This post is a gift to those of you sweltering in hot climates. It’s coming.
As I stepped out on the front terrace to water pots three days ago, the first swirly wind brushed my face. Chipmunks, maniacal creatures that they are, were especially spastic all weekend. Sunsets have been coral and lilac, infusing evenings with a peachy glow. Vendors roast hatch chilies at farmers’ markets, creating hunger-inducing aromas that beg for a slow-cooker stew.
Something is up.
For fifteen years, when starting to shut down the ranch house before heading home so the kids could start school, I watched for dropping evening lows that hinted at the approach of fall. The ten-day forecast now is nice and steady: highs in the seventies and lows in the forties.
Unconvinced we were not about to be invaded by a seasonal change, I stepped
onto the deck that adjoins my office. It looks like summer—heavily blooming geraniums, lobelia, lavender, alyssum.
So I strolled the big berm of horticultural treasures. Everything still blooms, and all leaves are attached firmly to supple stems and branches. The aspens are vibrantly green, as are the high mountain grasses, thanks to heavy rain almost all summer. The ruby-throated hummingbirds still dip into pine-leaf penstemon, and all but disappear into foxglove blossoms.
Then I stumbled on the bush in the photo at the top. It’s a currant, a berry-bearing bear attracter that confirmed my suspicions.
It will be months before the snow flies. And as many months before bears hibernate and migrating Canadian geese honk south. I’ll be fly-fishing my way through late August and September, when the water is low, the days are cool, and the trout are lazy. The guide and I will eddy up and feast on meatloaf sandwiches and Fritos, and celebrate the end of another magnificent, beautiful, short summer in the Rockies.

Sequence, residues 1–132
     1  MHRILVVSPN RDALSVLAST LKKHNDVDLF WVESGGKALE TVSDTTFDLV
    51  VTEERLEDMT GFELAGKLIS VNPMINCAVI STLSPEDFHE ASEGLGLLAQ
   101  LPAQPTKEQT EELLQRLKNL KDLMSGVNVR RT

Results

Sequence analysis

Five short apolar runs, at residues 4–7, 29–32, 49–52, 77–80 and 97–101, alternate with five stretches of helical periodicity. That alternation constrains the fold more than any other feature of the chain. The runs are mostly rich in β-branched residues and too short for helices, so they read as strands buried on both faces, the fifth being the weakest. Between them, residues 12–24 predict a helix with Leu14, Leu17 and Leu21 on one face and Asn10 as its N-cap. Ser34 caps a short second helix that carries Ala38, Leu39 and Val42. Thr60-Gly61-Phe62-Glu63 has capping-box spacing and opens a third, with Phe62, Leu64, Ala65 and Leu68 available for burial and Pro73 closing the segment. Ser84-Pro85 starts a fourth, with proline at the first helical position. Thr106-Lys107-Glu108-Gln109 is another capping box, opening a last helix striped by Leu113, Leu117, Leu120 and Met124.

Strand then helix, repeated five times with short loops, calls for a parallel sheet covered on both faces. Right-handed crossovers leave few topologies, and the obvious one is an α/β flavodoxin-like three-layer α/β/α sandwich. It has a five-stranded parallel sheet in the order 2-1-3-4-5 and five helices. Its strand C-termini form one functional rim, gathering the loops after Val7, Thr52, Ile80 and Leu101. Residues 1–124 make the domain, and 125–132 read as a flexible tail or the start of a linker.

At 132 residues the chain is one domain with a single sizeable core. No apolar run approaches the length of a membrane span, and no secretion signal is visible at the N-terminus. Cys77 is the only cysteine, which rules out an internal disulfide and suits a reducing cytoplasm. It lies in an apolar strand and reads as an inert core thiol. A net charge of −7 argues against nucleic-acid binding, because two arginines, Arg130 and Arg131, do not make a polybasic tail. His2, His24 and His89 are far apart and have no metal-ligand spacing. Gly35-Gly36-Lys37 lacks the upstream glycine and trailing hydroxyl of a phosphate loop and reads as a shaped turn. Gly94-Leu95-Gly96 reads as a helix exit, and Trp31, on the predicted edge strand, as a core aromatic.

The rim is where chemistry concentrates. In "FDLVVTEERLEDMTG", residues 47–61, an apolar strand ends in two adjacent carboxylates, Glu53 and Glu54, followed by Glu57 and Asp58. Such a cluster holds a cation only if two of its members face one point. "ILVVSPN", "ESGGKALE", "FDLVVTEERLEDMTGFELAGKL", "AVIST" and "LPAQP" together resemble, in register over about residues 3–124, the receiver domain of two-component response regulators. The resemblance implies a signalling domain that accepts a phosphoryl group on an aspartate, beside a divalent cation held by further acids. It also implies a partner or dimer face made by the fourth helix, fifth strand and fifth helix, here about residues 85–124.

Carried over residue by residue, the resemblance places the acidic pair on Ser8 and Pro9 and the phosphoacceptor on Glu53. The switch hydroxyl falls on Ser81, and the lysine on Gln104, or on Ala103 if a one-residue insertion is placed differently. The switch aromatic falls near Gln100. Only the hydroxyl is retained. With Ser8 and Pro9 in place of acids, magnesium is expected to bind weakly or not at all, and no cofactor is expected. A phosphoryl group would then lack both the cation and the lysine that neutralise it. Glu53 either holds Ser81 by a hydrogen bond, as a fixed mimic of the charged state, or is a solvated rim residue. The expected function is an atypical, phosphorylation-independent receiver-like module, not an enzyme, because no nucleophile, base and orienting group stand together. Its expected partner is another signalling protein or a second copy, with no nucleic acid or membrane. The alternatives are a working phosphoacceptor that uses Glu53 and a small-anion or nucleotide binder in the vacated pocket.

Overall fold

Even though the season has been appallingly brief this year, and I don’t think I’ve been warm more than twice, I’m ready for things to slow down. I welcome the gentleness of the season, tourists going home, predictable patterns of a community of neighbors driven by school schedules.
I draped a sweater across the back of my office chair yesterday. I’m ready.
This post is not about literary merit, fame, or age. It’s about dignity—something increasingly missing in literature, success, and growing old. (I’m a voice crying in the wilderness.)
Maybe I’m hyper-sensitive because I’m dealing with elderly parents. Maybe I shun our publicity-seeking, celebrity-worshiping culture, as deep as a parking-lot puddle. Maybe I’m just a geezer. (Okay, I’ll own that last one.)
But Harper Lee deserves better than what she’s getting, whether she’s aware or not. Sure, Go Set A Watchman is flying off the shelves. And her estate is growing by leaps and bounds. Her publicist, literary agent, and heirs must be delighted by this maelstrom. And she might be, too.
When To Kill a Mockingbird was released, it was controversial because of subject matter and social commentary. Literature is supposed to stir the soul, lighten the heart, provoke the mind. Lee’s epic work succeeds on all three counts.